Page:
To paraphrase Emerson, “[statistics and probabilities are] the hobgoblin[s] of little minds.” Essentially, only the foolish would place any stock at all in numbers that only indicate previous trends or the possibility of an event occurring in the future.
The board game “Risk” is a prime example of this. There is always a mere one in six (17%) chance that an attacker or defender will roll a one, but that doesn’t mean that the pesky one will not turn up five times in a row. Because of this, maneuvers that would appear conservative can actually become tremendously frustrating. That is simply the risk that the player assumes.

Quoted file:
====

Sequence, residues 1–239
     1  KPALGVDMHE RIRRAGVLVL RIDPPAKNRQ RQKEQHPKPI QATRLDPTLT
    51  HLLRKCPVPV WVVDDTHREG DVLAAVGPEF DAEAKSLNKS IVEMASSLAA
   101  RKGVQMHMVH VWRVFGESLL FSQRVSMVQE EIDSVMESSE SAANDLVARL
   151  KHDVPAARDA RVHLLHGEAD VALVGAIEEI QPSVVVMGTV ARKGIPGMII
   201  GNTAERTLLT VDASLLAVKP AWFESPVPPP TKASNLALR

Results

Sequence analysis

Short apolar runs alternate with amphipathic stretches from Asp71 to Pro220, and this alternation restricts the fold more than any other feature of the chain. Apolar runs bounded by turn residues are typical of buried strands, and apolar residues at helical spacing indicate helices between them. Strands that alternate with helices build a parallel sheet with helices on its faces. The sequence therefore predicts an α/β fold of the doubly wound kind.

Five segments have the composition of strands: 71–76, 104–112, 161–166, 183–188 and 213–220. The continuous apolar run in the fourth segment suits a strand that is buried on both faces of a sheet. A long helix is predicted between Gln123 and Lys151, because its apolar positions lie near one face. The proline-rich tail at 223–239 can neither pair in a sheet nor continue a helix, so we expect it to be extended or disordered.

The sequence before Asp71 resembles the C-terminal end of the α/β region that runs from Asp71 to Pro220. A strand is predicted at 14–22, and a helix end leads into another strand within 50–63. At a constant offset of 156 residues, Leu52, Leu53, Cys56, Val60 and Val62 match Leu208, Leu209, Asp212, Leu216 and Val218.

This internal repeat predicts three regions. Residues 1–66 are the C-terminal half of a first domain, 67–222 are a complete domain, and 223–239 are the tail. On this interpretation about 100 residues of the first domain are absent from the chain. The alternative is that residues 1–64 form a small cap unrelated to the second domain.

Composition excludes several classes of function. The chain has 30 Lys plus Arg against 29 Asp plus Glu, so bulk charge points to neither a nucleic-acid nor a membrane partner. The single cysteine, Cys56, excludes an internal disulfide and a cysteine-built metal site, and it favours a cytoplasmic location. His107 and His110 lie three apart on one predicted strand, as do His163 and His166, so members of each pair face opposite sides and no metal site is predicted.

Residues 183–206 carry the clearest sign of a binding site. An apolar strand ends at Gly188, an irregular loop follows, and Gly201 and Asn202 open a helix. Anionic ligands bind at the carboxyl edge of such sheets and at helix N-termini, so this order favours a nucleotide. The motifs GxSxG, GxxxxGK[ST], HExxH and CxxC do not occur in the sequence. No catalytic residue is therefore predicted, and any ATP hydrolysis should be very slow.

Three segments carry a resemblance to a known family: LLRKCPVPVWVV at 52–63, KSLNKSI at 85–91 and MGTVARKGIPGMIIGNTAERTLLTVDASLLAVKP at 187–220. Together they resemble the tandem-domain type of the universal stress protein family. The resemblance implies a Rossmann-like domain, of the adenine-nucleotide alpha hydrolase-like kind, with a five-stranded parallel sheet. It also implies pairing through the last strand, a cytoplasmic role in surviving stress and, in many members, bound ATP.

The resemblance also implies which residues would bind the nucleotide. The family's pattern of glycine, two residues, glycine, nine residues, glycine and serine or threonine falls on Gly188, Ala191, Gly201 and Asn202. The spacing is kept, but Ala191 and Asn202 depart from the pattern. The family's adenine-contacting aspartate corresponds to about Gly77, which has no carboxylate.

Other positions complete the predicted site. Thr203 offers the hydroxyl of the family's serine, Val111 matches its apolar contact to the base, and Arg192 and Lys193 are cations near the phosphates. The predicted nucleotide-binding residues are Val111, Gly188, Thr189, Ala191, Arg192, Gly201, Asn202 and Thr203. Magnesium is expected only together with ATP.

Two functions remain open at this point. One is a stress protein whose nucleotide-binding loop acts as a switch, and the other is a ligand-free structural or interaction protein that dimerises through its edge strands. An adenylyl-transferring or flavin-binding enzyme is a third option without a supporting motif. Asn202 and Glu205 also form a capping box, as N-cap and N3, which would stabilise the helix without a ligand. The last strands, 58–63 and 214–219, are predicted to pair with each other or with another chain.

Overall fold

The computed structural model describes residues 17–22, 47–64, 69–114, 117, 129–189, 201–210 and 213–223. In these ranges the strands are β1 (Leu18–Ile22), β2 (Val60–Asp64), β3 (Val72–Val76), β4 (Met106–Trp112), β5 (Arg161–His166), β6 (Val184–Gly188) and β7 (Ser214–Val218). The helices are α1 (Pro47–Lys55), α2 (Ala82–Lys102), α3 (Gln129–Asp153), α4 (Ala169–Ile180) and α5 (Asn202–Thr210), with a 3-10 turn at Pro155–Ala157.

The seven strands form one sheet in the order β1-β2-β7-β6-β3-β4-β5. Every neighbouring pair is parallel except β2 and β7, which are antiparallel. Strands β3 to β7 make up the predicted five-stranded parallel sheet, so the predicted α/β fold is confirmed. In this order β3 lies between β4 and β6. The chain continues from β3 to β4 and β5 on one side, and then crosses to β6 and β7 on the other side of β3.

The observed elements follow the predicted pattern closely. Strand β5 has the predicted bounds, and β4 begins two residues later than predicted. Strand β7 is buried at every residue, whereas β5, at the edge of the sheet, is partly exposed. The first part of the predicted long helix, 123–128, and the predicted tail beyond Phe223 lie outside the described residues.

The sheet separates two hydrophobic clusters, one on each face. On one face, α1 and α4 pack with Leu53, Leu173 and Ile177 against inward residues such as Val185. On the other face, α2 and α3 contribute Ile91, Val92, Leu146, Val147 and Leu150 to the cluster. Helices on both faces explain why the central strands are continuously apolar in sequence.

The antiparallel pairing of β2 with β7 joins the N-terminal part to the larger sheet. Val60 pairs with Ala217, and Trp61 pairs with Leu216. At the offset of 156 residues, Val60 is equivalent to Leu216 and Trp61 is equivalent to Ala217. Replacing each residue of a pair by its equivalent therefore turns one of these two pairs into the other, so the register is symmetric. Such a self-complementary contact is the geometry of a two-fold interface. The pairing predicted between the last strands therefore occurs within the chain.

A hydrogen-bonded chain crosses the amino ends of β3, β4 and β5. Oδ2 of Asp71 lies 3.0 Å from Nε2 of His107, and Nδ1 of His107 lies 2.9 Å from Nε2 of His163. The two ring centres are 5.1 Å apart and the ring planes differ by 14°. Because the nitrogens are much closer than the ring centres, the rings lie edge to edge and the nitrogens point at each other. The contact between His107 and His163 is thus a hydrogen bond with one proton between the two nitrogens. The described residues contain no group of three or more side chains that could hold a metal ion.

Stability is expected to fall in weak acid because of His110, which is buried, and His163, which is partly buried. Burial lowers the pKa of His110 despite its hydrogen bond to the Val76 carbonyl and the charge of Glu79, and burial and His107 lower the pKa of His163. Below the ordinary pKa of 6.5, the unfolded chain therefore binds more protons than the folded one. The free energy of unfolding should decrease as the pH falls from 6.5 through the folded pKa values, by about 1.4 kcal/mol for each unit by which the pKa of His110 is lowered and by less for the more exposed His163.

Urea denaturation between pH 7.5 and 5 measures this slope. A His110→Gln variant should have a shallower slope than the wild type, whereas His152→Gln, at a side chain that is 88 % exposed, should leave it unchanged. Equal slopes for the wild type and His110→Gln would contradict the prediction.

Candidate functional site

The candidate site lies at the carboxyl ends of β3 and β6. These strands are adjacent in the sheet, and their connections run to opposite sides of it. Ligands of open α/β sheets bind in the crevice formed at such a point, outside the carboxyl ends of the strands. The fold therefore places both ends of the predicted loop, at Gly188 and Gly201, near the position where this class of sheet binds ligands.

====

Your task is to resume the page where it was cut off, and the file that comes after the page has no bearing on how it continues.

Perhaps there is a 20% chance of rain, in which case there is an 80% chance that it will not rain. But those are just numbers; either event could happen…no one knows. The vocation of actuary is a flawed one because of this, just as the batting averages of baseball are no true indicator of future performance. Many variables come into effect every time a batter steps up to the plate; he may get 7 hits in a row, over which span his batting average is 1.000, even if his lifetime average is only .285.
Don’t be misled: just because you know the probability of something happening doesn’t mean you know when it’s going to happen. Lloyd Christmas could get that date with Mary tomorrow, despite the one in a million odds. And putting it all on black can always, always win it big.